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The World’s Biggest Data Dump (Soon to be Broken)

Heart of privacy Column
I n the second installment of what is being called the “Collections,” an unidentified source has published the largest private data dump in history. “Collections #2-5,” as the installment is known, was identified by Heise Security.

“Collection 1,” the first installment, contained more than 2,692,818,238 rows of private email addresses, usernames, and passwords collected from thousands of sources.  Some of the records are duplicates of other data dumps, but according to various researchers, just the new usernames would still qualify as the world’s largest data dump.  

What does this mean for you?

How many of us use the same email and password across multiple sites?  Even if we are careful and use a different password, it is commonly a derivative of the first — like changing the numbers at the end or capitalizing the first letter, and/or adding an exclamation point. Now it is all in the hands of hackers.

If the breaches from Yahoo, LinkedIn, and Marriott haven’t scared you into changing your passwords completely and initiating two-factor authentication, what will it take? Most likely your credentials are compromised at some level. This can provide access into emails with all your email data, online storage, financial accounts, everything. This can affect both personal and business accounts.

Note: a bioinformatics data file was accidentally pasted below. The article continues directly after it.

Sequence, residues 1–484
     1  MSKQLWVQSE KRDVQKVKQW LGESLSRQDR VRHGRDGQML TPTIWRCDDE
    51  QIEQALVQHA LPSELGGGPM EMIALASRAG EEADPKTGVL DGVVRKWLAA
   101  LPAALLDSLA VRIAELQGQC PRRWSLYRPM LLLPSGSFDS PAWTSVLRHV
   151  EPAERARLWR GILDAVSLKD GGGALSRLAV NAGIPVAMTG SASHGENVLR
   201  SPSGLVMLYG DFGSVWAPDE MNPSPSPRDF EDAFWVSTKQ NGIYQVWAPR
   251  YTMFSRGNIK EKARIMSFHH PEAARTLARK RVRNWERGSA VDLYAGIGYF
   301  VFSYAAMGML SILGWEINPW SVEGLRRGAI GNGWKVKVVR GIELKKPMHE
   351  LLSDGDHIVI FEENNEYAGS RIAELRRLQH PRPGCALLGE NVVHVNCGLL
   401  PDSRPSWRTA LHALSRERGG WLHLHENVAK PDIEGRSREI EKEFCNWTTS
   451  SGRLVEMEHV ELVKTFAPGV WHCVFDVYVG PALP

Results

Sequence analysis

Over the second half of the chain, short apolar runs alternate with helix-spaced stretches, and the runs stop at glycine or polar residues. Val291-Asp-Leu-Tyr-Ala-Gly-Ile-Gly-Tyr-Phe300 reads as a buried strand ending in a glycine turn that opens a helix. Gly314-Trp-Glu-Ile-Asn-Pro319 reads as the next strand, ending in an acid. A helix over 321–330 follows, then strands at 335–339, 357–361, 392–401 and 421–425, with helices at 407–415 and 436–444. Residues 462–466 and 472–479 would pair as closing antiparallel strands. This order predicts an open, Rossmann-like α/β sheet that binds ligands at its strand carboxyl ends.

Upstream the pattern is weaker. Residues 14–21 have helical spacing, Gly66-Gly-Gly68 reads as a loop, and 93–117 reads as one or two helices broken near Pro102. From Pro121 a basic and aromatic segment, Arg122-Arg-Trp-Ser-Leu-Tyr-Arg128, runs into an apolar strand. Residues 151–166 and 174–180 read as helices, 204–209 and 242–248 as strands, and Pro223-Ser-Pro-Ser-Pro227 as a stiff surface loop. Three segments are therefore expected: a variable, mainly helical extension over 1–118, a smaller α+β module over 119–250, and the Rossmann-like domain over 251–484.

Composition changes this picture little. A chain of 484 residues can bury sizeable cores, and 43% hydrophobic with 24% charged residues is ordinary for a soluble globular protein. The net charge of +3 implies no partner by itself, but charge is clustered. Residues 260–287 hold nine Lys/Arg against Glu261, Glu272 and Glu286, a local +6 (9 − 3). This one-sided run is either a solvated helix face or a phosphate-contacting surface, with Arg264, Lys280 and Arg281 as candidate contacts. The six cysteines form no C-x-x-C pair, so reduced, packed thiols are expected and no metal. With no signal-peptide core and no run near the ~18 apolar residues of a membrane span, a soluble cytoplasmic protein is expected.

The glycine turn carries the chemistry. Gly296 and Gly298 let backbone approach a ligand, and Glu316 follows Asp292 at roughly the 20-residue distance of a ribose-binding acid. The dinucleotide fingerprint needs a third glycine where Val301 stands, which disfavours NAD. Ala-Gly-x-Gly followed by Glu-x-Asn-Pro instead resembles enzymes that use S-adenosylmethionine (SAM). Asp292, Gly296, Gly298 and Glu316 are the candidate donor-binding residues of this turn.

Find out if your information is in that purloined data by visiting Have I Been Pwned, a website operated by cybersecurity expert Troy Hunt. The free service will tell you if your email or password show up in the most recent data breaches. It can also notify you after future breaches happen.

Take action. Go change passwords, enforce two-factor authentication (yes, it may be irritating, but it is seriously one of the easiest and best protections available) — and check Have I Been Pwned, searching for both your email and commonly used passwords.

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